logo-, log-, -logia, -logic, -logical, -logism, -logician, -logian, -logue

(Greek: talk, speak; speech; word; a person who speaks in a certain manner; someone who deals with topics or subjects)

Words that utilize -ology are in a separate unit. All -ology words can be made into -ologistic forms.

archaeological sequence, archeological sequence (s) (noun); archaeological sequences; archeological sequences (pl)
A method of placing a group of similar objects into a chronological sequence: An archaeological sequence must also take into account the stylistic changes of the items that have occurred over time.
archaeological site, archeological site (s) (noun); archaeological sites; archeological sites (pl)
Any concentration of artifacts, ecofacts, features, and structures manufactured or modified by humans: The archaeological site that Mrs. Black's class visited was a place where the students could see preserved evidence of activities of people who had lived in prehistoric times.
archaeological survey, archeological survey (s) (noun); archaeological surveys; archeological surveys (pl)
A method used to examine an area to determine if there are any deposits available of people and their cultures: An archaeological survey is a kind of field research to look for archaeological sites, gather information about that locality, in addition to other detailed investigational activities.
archaeological theory, archeological theory (s) (noun); archaeological theories; archeological theories (pl)
Any theoretical concept used to assess the framework and meaning of the remains of past human activity; An archaeological theory refers to the reconstruction and interpretation of the past by looking beyond the facts and artifacts for explanations of prehistoric events.

archaeological unit, archeological unit (s) (noun); archaeological units; archeological units (pl)
An arbitrary division of classification set up by an archaeologist to separate one grouping of artifacts from another in space and time: Those helping the archaeologist at the historical site were busy arranging the ancient man-made objects in archaeological units.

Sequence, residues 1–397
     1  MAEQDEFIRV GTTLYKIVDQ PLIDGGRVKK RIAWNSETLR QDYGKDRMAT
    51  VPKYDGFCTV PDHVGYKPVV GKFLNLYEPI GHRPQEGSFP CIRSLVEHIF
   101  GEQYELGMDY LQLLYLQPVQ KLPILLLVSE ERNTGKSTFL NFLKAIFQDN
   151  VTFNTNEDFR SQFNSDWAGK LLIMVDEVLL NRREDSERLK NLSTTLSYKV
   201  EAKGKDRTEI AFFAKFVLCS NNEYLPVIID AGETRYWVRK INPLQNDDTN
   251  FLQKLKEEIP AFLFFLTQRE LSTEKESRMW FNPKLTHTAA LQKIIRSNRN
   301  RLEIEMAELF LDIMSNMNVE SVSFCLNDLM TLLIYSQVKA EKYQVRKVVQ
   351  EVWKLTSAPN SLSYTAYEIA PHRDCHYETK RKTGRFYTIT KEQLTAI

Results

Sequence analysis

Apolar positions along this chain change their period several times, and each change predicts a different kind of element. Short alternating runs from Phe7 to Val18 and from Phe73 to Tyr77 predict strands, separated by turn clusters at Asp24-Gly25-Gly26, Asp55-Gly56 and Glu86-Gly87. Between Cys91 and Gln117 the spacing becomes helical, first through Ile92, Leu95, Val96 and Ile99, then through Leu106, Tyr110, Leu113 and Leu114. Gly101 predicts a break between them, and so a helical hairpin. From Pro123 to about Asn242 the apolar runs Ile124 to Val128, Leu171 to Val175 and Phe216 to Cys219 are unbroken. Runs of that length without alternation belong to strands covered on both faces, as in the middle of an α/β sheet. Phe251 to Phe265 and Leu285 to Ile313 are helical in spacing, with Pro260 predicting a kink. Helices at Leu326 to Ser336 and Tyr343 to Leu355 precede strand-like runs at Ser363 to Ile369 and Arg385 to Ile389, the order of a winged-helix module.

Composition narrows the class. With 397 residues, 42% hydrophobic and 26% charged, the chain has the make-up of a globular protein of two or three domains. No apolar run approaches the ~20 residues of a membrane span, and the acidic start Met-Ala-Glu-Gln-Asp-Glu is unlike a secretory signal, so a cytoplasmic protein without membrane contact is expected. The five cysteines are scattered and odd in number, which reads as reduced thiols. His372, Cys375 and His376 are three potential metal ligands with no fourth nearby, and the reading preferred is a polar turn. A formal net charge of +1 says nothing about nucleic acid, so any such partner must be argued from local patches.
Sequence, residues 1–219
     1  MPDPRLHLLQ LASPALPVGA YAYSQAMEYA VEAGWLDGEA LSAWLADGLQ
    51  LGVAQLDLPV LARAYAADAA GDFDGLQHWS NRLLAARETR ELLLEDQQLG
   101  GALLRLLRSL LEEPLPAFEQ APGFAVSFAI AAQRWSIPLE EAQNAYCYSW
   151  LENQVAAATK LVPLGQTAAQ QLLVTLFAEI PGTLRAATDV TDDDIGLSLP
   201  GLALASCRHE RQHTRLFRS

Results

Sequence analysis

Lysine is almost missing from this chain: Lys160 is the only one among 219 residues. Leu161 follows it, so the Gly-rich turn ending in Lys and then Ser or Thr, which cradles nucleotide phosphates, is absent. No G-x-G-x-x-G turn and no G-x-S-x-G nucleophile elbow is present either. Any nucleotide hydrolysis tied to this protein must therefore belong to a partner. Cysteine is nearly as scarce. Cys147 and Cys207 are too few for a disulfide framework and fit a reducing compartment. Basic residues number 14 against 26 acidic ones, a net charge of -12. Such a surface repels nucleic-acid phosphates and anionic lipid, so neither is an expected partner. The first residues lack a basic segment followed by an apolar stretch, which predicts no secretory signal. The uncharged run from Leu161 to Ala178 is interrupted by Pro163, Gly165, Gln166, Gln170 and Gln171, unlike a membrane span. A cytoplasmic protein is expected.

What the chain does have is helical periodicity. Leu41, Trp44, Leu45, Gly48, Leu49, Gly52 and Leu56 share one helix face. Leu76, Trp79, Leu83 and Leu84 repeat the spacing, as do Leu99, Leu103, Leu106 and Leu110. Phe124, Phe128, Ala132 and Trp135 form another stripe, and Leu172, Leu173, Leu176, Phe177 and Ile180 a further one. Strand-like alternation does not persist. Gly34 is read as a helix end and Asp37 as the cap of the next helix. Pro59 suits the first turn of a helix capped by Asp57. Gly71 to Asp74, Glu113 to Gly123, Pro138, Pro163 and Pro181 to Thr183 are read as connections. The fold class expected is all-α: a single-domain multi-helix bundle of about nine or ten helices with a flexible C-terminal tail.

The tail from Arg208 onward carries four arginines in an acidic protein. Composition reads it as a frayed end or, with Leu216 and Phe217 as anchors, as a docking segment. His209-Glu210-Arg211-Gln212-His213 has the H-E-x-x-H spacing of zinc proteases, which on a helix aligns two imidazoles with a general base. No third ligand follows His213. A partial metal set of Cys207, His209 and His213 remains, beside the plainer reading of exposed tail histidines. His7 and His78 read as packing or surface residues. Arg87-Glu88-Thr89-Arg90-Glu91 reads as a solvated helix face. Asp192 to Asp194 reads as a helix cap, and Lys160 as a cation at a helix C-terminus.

archaeological, archeological (adjective); more archaeological, most archaeological; more archeological, most archeological
Of, relating to, or concerning archaeology: Jack was totally fascinated by the remains of the historic past and decided to go to an archaeological school and later work at archaeological sites!
archeologist, archaeologist (s) (noun); archeologists; archaeologists (pl)
A professional scholar who studies and reconstructs the human past through its physical remains: The work of an archaeologist involves the scientific finding, collecting, cleaning, sorting, identifying, and the measuring of objects found in or on the earth or sea.

Usually the motives of archeologists are to record and to interpret ancient cultures rather than to collect and to display artifacts for a profit.

Those who study history through ancient monuments and objects.
© ALL rights are reserved.

Go to this Word A Day Revisited Index
so you can see more of Mickey Bach's cartoons.

autologophagist, autologophagy
A reference to those who must eat their own words.
The intelligent power displayed in organic activities.
An abnormal slowness or deliberation in speech.
choplogic, choplogical
Absurdly convoluted, sophistical, or illogical argumentation; glib and specious reasoning; a person who uses such logic.
dialogue (s) (noun), dialogues (pl)
1. A spoken communication with two or more people; a conversation: In the school play there was a dialogue between the two main characters in the first scene.
2. An interchange and discussion of ideas: In Abraham's classroom, there was a dialogue among the students and their teacher about the use of cell phones, or mobile phones, during class.
3. Etymology: "a literary work consisting of a conversation between two or more people"; from Old French dialoge, which came from Latin dialogus, from Greek dialogos, "conversation, dialogue" and is related to dialogesthai "to converse"; from dia-, "across" + legein, "to speak".

The meaning of the word expanded to "a conversation" in about 1400. The mistaken belief that it only means "conversation between two people" comes from the confusion of dia- and the similar prefix di-, "two, double, twice" that came from Greek di- and dis-, "twice" which is related to duo, "two".

A conversation or discussion.
© ALL rights are reserved.

Go to this Word A Day Revisited Index
so you can see more of Mickey Bach's cartoons.


Quiz You may take a self-scoring quiz over some of the words in this section by just clicking on Logo Quiz to check your word knowledge.

Cross references of word families related directly, or indirectly, to: "talk, speak, speech; words, language; tongue, etc.": cit-; clam-; dic-; fa-; -farious; glosso-; glotto-; lalo-; linguo-; locu-; loqu-; mythico-; -ology; ora-; -phasia; -phemia; phon-; phras-; Quotes: Language,Part 1; Quotes: Language, Part 2; Quotes: Language, Part 3; serm-; tongue; voc-.

Related "word, words" units: etym-; legi-; lexico-; locu-; onomato-; -onym; verbo-.